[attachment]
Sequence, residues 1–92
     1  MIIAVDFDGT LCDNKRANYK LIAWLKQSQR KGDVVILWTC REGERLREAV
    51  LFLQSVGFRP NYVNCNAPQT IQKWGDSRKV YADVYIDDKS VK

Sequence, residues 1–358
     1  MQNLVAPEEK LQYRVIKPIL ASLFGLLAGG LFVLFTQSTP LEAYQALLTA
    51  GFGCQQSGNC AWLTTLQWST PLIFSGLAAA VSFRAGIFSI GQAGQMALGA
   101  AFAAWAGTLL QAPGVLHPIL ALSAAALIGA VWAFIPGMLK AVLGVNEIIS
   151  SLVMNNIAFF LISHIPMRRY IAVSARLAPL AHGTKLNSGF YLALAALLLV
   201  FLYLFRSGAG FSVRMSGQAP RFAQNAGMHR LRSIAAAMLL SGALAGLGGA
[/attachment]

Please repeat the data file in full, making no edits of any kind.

Sequence, residues 1–92
     1  MIIAVDFDGT LCDNKRANYK LIAWLKQSQR KGDVVILWTC REGERLREAV
    51  LFLQSVGFRP NYVNCNAPQT IQKWGDSRKV YADVYIDDKS VK

Sequence, residues 1–358
     1  MQNLVAPEEK LQYRVIKPIL ASLFGLLAGG LFVLFTQSTP LEAYQALLTA
    51  GFGCQQSGNC AWLTTLQWST PLIFSGLAAA VSFRAGIFSI GQAGQMALGA
   101  AFAAWAGTLL QAPGVLHPIL ALSAAALIGA VWAFIPGMLK AVLGVNEIIS
   151  SLVMNNIAFF LISHIPMRRY IAVSARLAPL AHGTKLNSGF YLALAALLLV
   201  FLYLFRSGAG FSVRMSGQAP RFAQNAGMHR LRSIAAAMLL SGALAGLGGA